Category Archives: Chickens

Easter Special: 20% off all garden consultation and design services

We’re celebrating the Easter holiday with a special saving for our internet followers!

Take a huge 20% off any garden consultation or design package!

Home visit +1 hr of personalised professional advice

was $60 now $48

Home visit +  1 hr consultation +  written report

was $300 now  $240

Want your own kitchen garden? Get the right advice and solutions for your new food garden or bring an old one back to life.

Sloping, rocky, small or problem block? Yes, you CAN have a fantastic food garden!

Your personal kitchen garden consultation by a qualified Permaculture designer

A plan that’s unique, and maximises your aspect and features in the best way for a gorgeous and productive garden.

First, you’ll have a home consultation to discuss your situation, wants, and ideas.

Then, you can choose to add a personalised program of care and advice specifically for your location and needs, and even a 2D design for your future garden.

Whatever you choose, you’ll get reliable, professional advice that’s right for your situation.

Sample design: intensive fruit garden

Which option is right for you?

Option A: $60 now $48

Perfect for when you have a basic concept for what you would like from your kitchen garden and want some help getting started.

Home consultation

I’ll visit you to discuss your space and ideas, as well as potential challenges. I’ll also give you effective, environmentally sound ideas and tips for how to best turn your ideas into reality.

Option B: $300 now $240

Turn your dream into reality with a home visit, great practical ideas, plus a report filled with creation and management advice and details to make it happen!

Home consultation

PLUS

Written report including links to relevant websites and suppliers

Want more? You can also order a 2D design of your future garden for as little as $180 (average design $200-$250)

All the expertise and help you need to start growing and enjoying fresh fruit and veggies from your own kitchen garden!

1 hr home visit consultations are available within greater Sydney area only. We also offer phone/Skype consultations for clients who live outside the greater Sydney area. You just need to provide us with photos and an overhead map (such as in a contract of sale) of the site.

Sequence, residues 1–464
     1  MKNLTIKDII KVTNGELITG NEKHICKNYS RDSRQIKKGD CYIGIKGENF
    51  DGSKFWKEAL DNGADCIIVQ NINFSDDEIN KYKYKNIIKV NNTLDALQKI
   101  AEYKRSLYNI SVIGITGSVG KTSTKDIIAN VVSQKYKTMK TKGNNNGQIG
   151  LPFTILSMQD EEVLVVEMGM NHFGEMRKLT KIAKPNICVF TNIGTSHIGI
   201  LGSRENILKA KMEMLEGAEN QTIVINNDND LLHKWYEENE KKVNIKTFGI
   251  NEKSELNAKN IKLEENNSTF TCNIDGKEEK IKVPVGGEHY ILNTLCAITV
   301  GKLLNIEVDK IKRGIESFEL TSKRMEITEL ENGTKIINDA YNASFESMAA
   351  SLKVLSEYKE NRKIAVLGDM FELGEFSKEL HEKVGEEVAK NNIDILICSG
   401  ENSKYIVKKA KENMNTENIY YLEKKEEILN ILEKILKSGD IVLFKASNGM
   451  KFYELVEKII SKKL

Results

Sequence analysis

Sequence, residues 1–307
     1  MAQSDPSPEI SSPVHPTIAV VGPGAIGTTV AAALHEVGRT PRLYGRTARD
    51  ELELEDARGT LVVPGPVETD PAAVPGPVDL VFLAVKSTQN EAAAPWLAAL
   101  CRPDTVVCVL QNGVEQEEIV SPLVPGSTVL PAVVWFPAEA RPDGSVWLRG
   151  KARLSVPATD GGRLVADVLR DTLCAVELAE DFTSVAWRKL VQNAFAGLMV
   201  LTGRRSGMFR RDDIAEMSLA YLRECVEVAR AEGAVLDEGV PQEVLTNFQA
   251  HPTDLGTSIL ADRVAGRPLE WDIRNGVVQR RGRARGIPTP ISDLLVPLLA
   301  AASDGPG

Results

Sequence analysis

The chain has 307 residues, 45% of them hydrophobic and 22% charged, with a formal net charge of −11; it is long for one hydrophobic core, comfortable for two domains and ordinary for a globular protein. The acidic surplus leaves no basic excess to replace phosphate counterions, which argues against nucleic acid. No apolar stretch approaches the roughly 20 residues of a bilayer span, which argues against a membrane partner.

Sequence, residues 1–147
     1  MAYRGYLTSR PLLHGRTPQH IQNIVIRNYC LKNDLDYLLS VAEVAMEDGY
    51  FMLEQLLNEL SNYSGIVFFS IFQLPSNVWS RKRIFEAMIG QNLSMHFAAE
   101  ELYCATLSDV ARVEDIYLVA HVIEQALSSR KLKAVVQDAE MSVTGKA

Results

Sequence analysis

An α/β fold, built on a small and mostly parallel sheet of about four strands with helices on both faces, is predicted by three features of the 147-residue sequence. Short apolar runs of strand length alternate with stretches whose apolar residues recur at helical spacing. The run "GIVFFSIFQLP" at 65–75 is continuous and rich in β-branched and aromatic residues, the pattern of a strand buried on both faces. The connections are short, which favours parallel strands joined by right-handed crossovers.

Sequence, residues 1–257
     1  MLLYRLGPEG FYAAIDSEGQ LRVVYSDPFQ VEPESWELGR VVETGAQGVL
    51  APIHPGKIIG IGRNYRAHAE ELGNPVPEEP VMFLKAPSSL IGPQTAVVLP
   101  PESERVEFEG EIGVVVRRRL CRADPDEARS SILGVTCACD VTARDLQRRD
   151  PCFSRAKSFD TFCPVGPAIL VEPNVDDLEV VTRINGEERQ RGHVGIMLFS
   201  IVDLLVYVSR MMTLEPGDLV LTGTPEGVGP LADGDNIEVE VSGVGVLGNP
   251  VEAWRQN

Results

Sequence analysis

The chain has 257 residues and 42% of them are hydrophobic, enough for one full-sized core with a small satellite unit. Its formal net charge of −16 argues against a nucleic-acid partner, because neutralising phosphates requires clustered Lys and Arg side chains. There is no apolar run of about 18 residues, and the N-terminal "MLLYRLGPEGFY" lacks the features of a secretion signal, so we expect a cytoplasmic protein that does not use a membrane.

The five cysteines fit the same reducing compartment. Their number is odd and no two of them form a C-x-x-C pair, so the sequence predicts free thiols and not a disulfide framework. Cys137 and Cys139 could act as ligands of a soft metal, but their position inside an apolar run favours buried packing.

We offer  home visits to Central Coast, Bathurst and Wollongong (approx. 2 hours of Springwood, Blue Mountains) clients who book a consult plus written report or design services.

Call me on ph:0431 383 516 or fill in the form below to book your time and I’ll get back to you.

*Bookings must be made by Tuesday 2/4/13 to claim this discount.

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New series of short workshops

We would like to announce that we are now running a whole heap of short workshops focussing on the essential skills of food gardening. Topics include making compost, caring for chooks and a whole heap of other fun things!

Dates and details are in the link below. We hope to see more of you here soon!
https://healthyharvestnsw.wordpress.com/permaculturecourses/food-garden-favourites/

From plan to reality- a mobile chicken coop that works!

We finally have a mobile chicken coop that is appropriate for our needs and that suits the landscape of the property!

I have kept chickens for coming on three years and would consider myself an over-protective parent. I still haven’t lost a chook to predators even though we have lived adjoining bush land the entire time and our neighbours have suffered losses. I also think I have made all the mistakes in coop design possible in the past and hopefully have remedied them all in my new design!

Old coop

The temporary barracks

The problem:

After we moved here, I had no chicken coop. I stumbled upon an old trampoline frame which I quickly converted using materials that I brought with me from the old house. Unfortunately, it was a bad design for the chickens, me, and the land. Access was poor for egg collection and it could only be placed in a couple of spots on the land that were flat enough. When the ground was too steep, the chickens wouldn’t use their roosts and they would slide around in the nesting boxes. We ended up with lots of broken eggs and egg eating became a bad habit for a couple of the younger chooks. At least 1-2 eggs were being lost each day. We had looked around for manufactured chicken coops that were suitable but we were unable to find any. It seemed all the coops were designed to sit on flat ground. Great, except that we have little to no flat ground!

The solution: